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    Obesity is a well-known risk factor for colorectal cancer but precisely how it influences risks of malignancy remains unclear. During colon cancer development in humans or animals, attenuation of the colonic cell surface receptor guanylyl cyclase C (GUCY2C) that occurs due to loss of its paracrine hormone ligand guanylin contributes universally to malignant progression. In this study, we explored a link between obesity and GUCY2C silencing in colorectal cancer. Using genetically engineered mice on different diets, we found that diet-induced obesity caused a loss of guanylin expression in the colon with subsequent GUCY2C silencing, epithelial dysfunction, and tumorigenesis. Mechanistic investigations revealed that obesity reversibly silenced guanylin expression through calorie-dependent induction of endoplasmic reticulum stress and the unfolded protein response in intestinal epithelial cells. In transgenic mice, enforcing specific expression of guanylin in intestinal epithelial cells restored GUCY2C signaling, eliminating intestinal tumors associated with a high calorie diet. Our findings show how caloric suppression of the guanylin-GUCY2C signaling axis links obesity to negation of a universal tumor suppressor pathway in colorectal cancer, suggesting an opportunity to prevent colorectal cancer in obese patients through hormone replacement with the FDA-approved oral GUCY2C ligand linaclotide

    Spin-transfer torque induced reversal in magnetic domains

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    Using the complex stereographic variable representation for the macrospin, from a study of the nonlinear dynamics underlying the generalized Landau-Lifshitz(LL) equation with Gilbert damping, we show that the spin-transfer torque is effectively equivalent to an applied magnetic field. We study the macrospin switching on a Stoner particle due to spin-transfer torque on application of a spin polarized current. We find that the switching due to spin-transfer torque is a more effective alternative to switching by an applied external field in the presence of damping. We demonstrate numerically that a spin-polarized current in the form of a short pulse can be effectively employed to achieve the desired macro-spin switching.Comment: 16 pages, 6 figure

    Constraints on a second planet in the WASP-3 system

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    There have been previous hints that the transiting planet WASP-3 b is accompanied by a second planet in a nearby orbit, based on small deviations from strict periodicity of the observed transits. Here we present 17 precise radial velocity measurements and 32 transit light curves that were acquired between 2009 and 2011. These data were used to refine the parameters of the host star and transiting planet. This has resulted in reduced uncertainties for the radii and masses of the star and planet. The radial-velocity data and the transit times show no evidence for an additional planet in the system. Therefore, we have determined the upper limit on the mass of any hypothetical second planet, as a function of its orbital period.Comment: Accepted for publication in The Astronomical Journa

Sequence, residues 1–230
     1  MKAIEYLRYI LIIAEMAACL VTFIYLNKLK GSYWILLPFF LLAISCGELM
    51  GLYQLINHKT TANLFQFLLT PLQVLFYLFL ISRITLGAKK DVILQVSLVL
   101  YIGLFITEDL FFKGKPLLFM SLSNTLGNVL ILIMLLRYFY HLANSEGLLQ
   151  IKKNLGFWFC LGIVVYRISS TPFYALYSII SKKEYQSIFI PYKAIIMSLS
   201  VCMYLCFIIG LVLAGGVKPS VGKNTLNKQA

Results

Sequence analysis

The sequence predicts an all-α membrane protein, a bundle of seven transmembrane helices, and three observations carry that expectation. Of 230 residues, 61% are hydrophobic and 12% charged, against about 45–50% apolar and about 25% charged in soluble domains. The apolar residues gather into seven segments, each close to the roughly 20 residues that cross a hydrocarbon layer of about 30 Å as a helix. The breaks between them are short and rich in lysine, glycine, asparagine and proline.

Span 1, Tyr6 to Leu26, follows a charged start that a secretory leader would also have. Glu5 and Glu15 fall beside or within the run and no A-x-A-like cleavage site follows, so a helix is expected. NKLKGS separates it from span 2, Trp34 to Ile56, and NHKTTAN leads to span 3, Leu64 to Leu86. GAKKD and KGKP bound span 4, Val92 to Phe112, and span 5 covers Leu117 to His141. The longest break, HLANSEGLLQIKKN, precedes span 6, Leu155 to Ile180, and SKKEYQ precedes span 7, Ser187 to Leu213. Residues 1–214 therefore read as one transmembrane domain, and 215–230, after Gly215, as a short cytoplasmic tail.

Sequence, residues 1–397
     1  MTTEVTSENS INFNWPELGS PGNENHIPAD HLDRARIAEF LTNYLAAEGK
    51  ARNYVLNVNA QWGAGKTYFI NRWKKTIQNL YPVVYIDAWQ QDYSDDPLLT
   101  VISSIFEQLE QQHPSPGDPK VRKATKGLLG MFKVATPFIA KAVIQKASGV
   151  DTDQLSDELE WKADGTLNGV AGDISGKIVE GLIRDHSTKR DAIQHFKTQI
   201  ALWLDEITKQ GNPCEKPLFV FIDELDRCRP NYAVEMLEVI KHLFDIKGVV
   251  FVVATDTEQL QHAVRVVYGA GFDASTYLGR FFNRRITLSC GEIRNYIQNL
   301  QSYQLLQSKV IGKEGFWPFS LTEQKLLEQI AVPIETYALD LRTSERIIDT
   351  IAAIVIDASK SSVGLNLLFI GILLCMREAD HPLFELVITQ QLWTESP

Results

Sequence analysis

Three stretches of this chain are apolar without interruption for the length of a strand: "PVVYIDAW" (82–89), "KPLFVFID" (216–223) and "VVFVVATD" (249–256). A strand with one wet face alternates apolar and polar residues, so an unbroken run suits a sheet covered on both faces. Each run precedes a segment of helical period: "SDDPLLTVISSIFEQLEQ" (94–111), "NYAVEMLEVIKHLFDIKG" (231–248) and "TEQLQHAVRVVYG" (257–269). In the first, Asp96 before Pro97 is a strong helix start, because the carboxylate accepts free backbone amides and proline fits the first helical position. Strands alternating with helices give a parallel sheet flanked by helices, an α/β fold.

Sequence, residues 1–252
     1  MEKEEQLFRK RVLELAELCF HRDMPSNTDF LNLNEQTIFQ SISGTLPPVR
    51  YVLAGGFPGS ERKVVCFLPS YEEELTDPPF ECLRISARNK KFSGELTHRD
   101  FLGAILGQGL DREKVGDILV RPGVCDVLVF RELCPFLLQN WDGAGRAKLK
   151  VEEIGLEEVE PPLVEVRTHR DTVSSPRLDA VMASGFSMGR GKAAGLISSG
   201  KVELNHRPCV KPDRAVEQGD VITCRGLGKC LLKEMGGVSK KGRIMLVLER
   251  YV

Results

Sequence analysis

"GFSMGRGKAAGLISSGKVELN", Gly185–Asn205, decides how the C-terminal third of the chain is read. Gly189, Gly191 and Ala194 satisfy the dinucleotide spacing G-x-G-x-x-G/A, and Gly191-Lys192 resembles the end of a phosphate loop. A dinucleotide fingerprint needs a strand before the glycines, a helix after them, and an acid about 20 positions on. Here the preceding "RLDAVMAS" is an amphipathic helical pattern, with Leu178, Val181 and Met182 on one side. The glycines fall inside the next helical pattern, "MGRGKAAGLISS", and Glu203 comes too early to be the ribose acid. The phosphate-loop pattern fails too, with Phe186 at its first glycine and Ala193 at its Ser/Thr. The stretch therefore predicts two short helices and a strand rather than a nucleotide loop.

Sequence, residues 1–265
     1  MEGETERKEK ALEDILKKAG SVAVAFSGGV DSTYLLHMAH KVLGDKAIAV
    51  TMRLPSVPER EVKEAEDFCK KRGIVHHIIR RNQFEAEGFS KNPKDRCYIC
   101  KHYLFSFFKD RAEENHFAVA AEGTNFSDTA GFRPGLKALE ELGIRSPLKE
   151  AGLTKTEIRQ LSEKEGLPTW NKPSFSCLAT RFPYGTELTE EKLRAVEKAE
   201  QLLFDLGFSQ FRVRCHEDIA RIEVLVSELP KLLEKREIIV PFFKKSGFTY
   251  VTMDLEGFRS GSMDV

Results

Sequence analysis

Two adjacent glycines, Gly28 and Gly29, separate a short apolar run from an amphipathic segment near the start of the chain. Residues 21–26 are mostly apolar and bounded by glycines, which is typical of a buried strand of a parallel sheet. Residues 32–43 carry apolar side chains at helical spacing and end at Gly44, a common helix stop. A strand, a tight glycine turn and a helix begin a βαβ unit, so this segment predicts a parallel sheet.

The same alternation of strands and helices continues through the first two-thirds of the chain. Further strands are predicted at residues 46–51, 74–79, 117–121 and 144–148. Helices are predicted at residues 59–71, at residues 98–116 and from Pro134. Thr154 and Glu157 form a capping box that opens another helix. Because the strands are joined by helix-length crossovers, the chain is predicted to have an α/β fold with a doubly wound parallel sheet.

Limits on the ultra-bright Fast Radio Burst population from the CHIME Pathfinder

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    We present results from a new incoherent-beam Fast Radio Burst (FRB) search on the Canadian Hydrogen Intensity Mapping Experiment (CHIME) Pathfinder. Its large instantaneous field of view (FoV) and relative thermal insensitivity allow us to probe the ultra-bright tail of the FRB distribution, and to test a recent claim that this distribution's slope, αlogNlogS\alpha\equiv-\frac{\partial \log N}{\partial \log S}, is quite small. A 256-input incoherent beamformer was deployed on the CHIME Pathfinder for this purpose. If the FRB distribution were described by a single power-law with α=0.7\alpha=0.7, we would expect an FRB detection every few days, making this the fastest survey on sky at present. We collected 1268 hours of data, amounting to one of the largest exposures of any FRB survey, with over 2.4\,×\times\,105^5\,deg2^2\,hrs. Having seen no bursts, we have constrained the rate of extremely bright events to < ⁣13<\!13\,sky1^{-1}\,day1^{-1} above \sim\,220(τ/ms)\sqrt{(\tau/\rm ms)} Jy\,ms for τ\tau between 1.3 and 100\,ms, at 400--800\,MHz. The non-detection also allows us to rule out α0.9\alpha\lesssim0.9 with 95%\% confidence, after marginalizing over uncertainties in the GBT rate at 700--900\,MHz, though we show that for a cosmological population and a large dynamic range in flux density, α\alpha is brightness-dependent. Since FRBs now extend to large enough distances that non-Euclidean effects are significant, there is still expected to be a dearth of faint events and relative excess of bright events. Nevertheless we have constrained the allowed number of ultra-intense FRBs. While this does not have significant implications for deeper, large-FoV surveys like full CHIME and APERTIF, it does have important consequences for other wide-field, small dish experiments